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Module 3 • Natural Resources: Tundra Farming
Activity 3-4
Procedure: Assessment:
1. Listen to the song “Reindeer Breeder” available in Audio
Upon completion of this
Documentary of the Scrapbook in the Explore section at
activity students should:
PolarHusky.com.
- Relate to place names by
exploring their meaning
Tell students this is a national song from Chukotka. What does
and habitat resources.
national mean? Why might it be that a national song from
- Know the location of
Chukotka is about reindeer? Share with students that Chukotka
their own state, mean-
is where Team GoNorth! and the Polar Huskies are traveling.
ing of state name, its
2. Announce that your class is going on a virtual field trip to Chukotka.
nick name(s), and that
Using Teacher Notes 3-4a “Chukotka Field Trip,” use Google Earth
these are expressions of
to locate your school. Enter the position last reported by Team
state resources, culture
GoNorth! either in the Trail Report or on the daily audio update to and geography (Student
locate the team. Make sure to identify Chukotka as it appears. Page 3-4a “Toponomy
Detectives”).
What do the students see? Are there many houses? How does the
- Present their own sense
landscape look?
of place by naming and
Note: This can be done as a class, in groups or individually. Using
illustrating a place and
Google Earth is very intuitive even to the younger students. view the work of
others (submission to
3. Share with students that most of Chukotka is a landscape called
Collaboration Zone 3).
tundra. Tundra is a Russian word and it means treeless.
Watch the BrainPop movie “Tundra” available in Curriculum Movies
of the Scrapbook in the Explore section at PolarHusky.com (consider taking the quiz as a class!)
Ask students if they would like to live on the tundra. Why, or why not? Do they think it would be
very different to live on the tundra?
4. As a class or individually visit the Photo Album available in the Chukotka section of Investigate in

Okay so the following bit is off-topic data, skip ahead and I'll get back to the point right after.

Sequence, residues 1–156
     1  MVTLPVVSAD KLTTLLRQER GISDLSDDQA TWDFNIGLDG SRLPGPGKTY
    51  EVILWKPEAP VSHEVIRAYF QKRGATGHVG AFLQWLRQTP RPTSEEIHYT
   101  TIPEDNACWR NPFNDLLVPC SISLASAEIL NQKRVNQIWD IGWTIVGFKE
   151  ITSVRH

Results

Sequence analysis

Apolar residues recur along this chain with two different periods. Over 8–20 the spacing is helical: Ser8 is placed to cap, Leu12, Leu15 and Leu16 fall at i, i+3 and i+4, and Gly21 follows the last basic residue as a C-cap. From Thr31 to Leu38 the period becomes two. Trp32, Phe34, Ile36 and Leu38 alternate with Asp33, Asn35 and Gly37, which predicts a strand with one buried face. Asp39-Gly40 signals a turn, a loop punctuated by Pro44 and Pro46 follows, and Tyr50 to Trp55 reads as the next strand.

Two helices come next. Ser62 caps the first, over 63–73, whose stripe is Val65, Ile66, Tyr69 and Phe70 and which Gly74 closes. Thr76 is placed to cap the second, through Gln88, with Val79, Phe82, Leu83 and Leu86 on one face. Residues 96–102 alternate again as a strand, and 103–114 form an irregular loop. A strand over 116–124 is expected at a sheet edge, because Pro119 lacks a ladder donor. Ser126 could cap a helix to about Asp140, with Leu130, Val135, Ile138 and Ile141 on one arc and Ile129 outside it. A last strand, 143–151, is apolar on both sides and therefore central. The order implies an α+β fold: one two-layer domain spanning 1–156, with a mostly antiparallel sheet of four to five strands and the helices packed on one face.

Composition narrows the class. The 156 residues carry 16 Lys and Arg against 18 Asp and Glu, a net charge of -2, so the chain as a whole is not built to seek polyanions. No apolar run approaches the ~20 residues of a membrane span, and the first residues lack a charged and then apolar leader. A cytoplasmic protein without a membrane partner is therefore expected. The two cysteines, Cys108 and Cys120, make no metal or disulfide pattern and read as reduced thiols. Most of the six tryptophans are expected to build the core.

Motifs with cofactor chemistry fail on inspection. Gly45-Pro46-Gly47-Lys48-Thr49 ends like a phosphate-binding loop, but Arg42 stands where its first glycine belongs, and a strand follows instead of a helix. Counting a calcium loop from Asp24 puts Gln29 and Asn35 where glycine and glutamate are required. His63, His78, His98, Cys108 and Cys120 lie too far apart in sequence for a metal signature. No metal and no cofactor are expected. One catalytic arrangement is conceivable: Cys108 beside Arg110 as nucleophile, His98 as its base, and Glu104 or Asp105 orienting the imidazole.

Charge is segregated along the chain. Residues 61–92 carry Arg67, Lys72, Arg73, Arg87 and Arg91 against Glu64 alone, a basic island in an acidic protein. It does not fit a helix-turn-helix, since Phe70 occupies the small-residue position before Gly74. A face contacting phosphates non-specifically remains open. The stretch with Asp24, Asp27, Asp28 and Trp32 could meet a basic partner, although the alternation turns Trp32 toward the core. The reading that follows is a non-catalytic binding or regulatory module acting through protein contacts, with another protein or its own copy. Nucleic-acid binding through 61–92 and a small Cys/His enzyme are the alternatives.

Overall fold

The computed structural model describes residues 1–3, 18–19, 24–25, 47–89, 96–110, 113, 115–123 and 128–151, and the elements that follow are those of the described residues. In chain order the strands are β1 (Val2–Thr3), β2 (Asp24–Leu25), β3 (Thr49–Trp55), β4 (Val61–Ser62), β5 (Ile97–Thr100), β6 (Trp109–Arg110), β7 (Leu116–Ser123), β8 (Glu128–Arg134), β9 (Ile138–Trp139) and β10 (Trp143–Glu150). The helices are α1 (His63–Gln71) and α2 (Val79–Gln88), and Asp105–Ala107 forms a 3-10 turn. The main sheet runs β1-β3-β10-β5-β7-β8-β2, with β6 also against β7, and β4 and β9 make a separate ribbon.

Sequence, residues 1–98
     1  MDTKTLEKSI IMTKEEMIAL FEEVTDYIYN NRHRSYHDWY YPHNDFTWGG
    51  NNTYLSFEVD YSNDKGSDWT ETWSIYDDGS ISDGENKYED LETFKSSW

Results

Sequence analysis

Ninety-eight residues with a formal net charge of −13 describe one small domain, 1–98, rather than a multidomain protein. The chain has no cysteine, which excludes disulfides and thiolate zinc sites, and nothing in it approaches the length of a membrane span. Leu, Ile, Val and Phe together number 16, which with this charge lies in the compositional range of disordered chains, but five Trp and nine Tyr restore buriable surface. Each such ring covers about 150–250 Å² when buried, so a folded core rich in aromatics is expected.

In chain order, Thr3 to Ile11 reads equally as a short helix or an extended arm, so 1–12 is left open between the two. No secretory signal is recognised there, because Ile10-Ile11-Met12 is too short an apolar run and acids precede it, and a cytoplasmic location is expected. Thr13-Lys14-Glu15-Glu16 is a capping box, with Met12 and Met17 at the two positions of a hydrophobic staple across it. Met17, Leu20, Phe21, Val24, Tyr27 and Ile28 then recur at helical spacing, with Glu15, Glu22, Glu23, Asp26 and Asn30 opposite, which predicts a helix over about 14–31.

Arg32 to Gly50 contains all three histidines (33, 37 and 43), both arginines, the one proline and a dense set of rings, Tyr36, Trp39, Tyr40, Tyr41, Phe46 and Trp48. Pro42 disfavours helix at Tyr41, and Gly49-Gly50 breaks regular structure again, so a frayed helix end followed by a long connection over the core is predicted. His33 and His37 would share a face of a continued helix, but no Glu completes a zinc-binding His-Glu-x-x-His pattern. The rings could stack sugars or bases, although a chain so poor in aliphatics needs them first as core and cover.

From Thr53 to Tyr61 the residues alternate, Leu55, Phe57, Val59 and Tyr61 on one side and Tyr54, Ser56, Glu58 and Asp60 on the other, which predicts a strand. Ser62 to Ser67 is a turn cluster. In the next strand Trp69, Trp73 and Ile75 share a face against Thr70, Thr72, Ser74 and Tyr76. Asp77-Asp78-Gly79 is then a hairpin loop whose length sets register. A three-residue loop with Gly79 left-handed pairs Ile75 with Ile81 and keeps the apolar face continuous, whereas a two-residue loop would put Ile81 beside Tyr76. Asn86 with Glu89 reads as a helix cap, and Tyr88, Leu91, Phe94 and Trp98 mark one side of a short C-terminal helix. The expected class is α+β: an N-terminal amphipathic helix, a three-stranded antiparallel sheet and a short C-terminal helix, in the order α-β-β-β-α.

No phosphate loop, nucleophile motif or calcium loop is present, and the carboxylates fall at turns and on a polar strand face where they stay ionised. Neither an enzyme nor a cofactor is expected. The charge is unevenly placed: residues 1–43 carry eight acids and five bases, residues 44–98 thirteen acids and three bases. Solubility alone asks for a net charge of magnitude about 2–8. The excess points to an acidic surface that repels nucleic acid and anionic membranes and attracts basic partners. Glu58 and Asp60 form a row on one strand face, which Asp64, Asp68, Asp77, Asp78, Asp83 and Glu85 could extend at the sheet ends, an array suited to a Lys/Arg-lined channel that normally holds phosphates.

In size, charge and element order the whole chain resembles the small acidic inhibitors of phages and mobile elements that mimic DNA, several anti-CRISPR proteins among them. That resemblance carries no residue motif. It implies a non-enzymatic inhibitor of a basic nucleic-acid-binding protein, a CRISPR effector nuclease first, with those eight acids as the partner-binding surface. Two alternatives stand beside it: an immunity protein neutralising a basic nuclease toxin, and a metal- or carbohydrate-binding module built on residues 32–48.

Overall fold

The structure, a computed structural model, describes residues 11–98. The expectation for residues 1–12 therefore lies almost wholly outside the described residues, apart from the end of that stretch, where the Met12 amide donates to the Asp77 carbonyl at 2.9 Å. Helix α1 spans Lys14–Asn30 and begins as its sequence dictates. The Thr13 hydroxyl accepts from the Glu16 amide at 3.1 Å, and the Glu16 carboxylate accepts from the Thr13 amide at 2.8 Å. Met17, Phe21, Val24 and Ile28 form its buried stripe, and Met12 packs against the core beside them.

Logistics at PolarHusky.com. Click on “Towns” and select an image of a house. Why do the students
think the houses are sitting on top of stilts? (Answer: Because of the permafrost—if the houses
were sitting right on top of the ground, the heat from the house would melt the ice in the ground
and the house would fall into a hole!)
Do students think there is such a thing as fields on the tundra? Why, or why not?
Click on “Fields.” Look at the images and share how the Native people in Chukotka live as reindeer
herders (and by hunting on the sea) because the reindeer can graze on the tundra. Are there simi-
lar ways of living in their neighborhood, state, country? How is farming in their region different or
similar?
Share with students that Chukotka is a Russian word that means an area inhabited by reindeer people.
Why do the students think this land is named Chukotka? Does it seem fitting? Why, or why not?
5. Introduce students to the concept of toponomy. Share with students that place names all over the
world reflect Native knowledge and ways of living. Twenty-nine of the fifty states in the United
States have names derived from Native Americans place names. If appropriate discuss the defini-
tion of a state.
Note: Canadian classrooms please refer to the following URL for information on provinces and
territories: http://geonames.nrcan.gc.ca/education/index_e.php.
PolarHusky.com
© NOMADS Online Classroom Expeditions GoNorth! Chukotka 2007 Curriculum 17
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